But to give an example showing that it is not philosophically sufficient to have mere consistency, consider that PA+¬Con(PA) proves everything that PA does, and is consistent, but most logicians reject it as meaningless to the real world, unlike PA+Con(PA), which most logicians accept as true (or a good approximation) of real-world 'natural numbers'.

In ZFC theory the Axiom of Pairing appears rather early, so its justification need not be too complicated. In the OP's example, where he asserted the existence of $$\{\emptyset,\{\emptyset\}\}$$, he already invoked the Axiom of Pairing. Now, you (and the OP himself) might argue that what was invoked was the Axiom of Powerset. However, the Axiom of Powerset is meant to be invoked to construct sets of infinite depth (having infinite nested brackets). The ZFC theory describes a universe where sets are constructed inductively. Like in all metamathematical inductive formulations, you need a basis, and you need an induction hypothesis. The basis and the induction hypothesis are two different things, and one does not replace the other. In the present case, the Axiom of Pairing plays the role of the basis, while the Axiom of the Powerset plays the role of the induction hypothesis. Thus, the very example used already demonstrated the necessity of the Axiom of Pairing, for without it $$\{\emptyset,\{\emptyset\}\}$$ can not be claimed to be a set.

As to the Axiom Schema of Replacement, it is meant to rein in what is meant by infinity. To see this, note that while a Russell class is infinite in size and is not a set, a powerset is infinite in size and is a set. The Axiom Schema of Replacement can then be invoked to construct sets of desired sizes, as shown by the OP. It is an important and integral part of ZFC theory. With it, you can quickly assert the existence of a set without having to build it from the ground up. This frees you from the worries of having sets that are infinite yet not "too large". Thus, both the Axiom of Pairing and the Axiom Schema of Replacement have their places. One does not make the other redundant.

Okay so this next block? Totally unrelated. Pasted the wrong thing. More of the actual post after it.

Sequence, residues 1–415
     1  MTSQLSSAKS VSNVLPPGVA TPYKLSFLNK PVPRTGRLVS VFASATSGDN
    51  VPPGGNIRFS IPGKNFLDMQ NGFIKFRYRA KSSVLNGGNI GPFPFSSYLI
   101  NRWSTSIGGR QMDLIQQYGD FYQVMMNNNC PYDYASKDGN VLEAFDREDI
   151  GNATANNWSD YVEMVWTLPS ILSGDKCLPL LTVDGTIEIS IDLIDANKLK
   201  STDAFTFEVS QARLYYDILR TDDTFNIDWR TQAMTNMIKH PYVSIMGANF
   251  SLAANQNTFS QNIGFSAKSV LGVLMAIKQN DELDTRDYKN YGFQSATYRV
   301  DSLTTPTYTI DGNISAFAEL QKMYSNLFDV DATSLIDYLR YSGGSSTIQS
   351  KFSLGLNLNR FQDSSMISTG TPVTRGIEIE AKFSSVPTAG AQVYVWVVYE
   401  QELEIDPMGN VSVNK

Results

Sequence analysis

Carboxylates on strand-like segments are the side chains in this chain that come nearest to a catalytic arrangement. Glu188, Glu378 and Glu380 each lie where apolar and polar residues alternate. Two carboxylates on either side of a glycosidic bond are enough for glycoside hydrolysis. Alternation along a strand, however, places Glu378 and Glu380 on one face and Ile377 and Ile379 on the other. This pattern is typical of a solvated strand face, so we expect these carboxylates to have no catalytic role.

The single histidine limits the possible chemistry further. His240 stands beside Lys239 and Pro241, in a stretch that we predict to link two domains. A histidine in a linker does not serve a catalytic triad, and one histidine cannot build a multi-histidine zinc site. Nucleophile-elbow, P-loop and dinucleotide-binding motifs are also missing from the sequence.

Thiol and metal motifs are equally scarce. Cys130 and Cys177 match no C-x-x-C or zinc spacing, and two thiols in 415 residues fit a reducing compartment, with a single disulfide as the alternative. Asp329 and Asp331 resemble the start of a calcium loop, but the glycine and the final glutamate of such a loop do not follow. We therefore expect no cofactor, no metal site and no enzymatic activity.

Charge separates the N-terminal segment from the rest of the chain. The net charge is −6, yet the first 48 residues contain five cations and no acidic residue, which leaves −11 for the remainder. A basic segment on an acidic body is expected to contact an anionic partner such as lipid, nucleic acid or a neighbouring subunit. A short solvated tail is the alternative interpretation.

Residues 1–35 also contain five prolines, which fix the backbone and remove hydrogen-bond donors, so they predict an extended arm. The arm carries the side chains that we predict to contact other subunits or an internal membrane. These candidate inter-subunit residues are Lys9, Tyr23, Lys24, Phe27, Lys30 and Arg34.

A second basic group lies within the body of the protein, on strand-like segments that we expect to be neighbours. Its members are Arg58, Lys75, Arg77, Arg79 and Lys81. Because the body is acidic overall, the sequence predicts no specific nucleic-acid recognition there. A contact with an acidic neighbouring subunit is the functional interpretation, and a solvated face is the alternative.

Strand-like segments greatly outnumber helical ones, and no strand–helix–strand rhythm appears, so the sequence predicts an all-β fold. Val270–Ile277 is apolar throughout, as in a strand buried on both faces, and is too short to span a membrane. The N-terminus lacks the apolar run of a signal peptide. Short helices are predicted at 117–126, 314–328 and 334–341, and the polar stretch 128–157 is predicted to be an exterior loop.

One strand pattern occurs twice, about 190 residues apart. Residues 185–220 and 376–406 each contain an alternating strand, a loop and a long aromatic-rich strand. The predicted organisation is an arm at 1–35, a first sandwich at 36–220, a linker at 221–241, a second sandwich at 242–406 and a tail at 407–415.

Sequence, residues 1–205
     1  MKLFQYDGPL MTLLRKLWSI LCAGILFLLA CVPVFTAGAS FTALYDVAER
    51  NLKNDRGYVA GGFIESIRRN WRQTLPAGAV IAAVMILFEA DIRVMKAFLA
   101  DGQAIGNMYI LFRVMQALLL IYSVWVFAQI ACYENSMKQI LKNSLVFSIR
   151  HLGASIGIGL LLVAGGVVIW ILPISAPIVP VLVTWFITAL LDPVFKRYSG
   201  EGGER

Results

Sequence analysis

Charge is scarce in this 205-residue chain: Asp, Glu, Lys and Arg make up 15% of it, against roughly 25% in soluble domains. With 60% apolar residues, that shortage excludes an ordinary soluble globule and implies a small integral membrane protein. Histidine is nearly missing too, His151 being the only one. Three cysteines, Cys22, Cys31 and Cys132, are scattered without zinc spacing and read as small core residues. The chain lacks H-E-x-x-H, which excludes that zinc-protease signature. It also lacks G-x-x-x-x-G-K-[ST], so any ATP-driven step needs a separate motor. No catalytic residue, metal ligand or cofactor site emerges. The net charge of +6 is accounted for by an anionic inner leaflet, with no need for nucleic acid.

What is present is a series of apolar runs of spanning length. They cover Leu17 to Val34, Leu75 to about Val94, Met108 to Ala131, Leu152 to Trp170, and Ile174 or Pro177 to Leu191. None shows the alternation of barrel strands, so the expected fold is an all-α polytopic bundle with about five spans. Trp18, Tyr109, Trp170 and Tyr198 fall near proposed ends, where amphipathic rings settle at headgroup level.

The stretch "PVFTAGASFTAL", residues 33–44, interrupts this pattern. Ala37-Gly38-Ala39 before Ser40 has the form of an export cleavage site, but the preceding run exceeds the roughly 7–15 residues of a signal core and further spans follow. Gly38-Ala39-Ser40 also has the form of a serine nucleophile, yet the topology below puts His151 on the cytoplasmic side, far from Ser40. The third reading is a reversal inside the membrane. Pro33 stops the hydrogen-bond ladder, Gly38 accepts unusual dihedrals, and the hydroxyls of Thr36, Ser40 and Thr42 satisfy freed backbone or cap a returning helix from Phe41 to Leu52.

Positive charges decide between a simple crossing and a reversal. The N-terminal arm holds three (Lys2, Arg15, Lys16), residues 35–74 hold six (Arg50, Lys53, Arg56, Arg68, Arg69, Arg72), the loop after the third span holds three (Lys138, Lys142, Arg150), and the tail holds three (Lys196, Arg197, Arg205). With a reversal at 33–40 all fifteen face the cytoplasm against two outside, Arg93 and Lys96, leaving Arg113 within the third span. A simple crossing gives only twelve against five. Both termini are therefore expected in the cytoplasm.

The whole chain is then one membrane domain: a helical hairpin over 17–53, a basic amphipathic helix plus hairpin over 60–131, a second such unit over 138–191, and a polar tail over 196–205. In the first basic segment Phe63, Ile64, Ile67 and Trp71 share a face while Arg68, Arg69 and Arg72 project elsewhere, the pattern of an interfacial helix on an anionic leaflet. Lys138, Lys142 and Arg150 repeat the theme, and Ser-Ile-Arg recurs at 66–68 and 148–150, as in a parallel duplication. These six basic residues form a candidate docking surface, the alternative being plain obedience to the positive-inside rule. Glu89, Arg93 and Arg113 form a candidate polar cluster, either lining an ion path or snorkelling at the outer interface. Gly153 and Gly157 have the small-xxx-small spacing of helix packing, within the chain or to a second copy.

• What you're saying is absolutely wrong. Pairing plays exactly zero part in the recursive construction of the universe; and just because the power set axiom is more pronounced in the infinite case does not mean that it has no benefits for the finite case. Indeed, the existence of $\{\varnothing,\{\varnothing\}\}$ follows entirely from Infinity and Extensionality. Pairing is entirely redundant if your goal is to study ZFC or ZF. It is useful, though, once you start removing axioms and you want to study weaker systems. Commented Oct 13, 2020 at 11:06
• @AsafKaragila So pairing being entirely redundant is necessary for studying ZFC? That's amazing logic. By saying that it is useful, you have contradicted yourself. I stand by what I wrote. Commented Oct 18, 2020 at 10:32
• I think you misread my comment. Try again, maybe with less anger. Commented Oct 18, 2020 at 10:34
• @AsafKaragila Well, a logic proof will have to end somewhere. Mine has ended. Commented Oct 18, 2020 at 10:38
• That a particular axiom is redundant means, in this context, that it is implied by the rest of the axioms (so it can be omitted and the theory proves exactly the same things). So for example, the axiom of pairing and the axiom schema of separation can be omitted from ZF or ZFC, because they follow from the axiom schema of replacement (together with the axiom of infinity, which requires the existence of an empty set). So why do the usual formulations of set theory include these axioms? For historical reasons, and for convenience. Commented Feb 12, 2021 at 17:17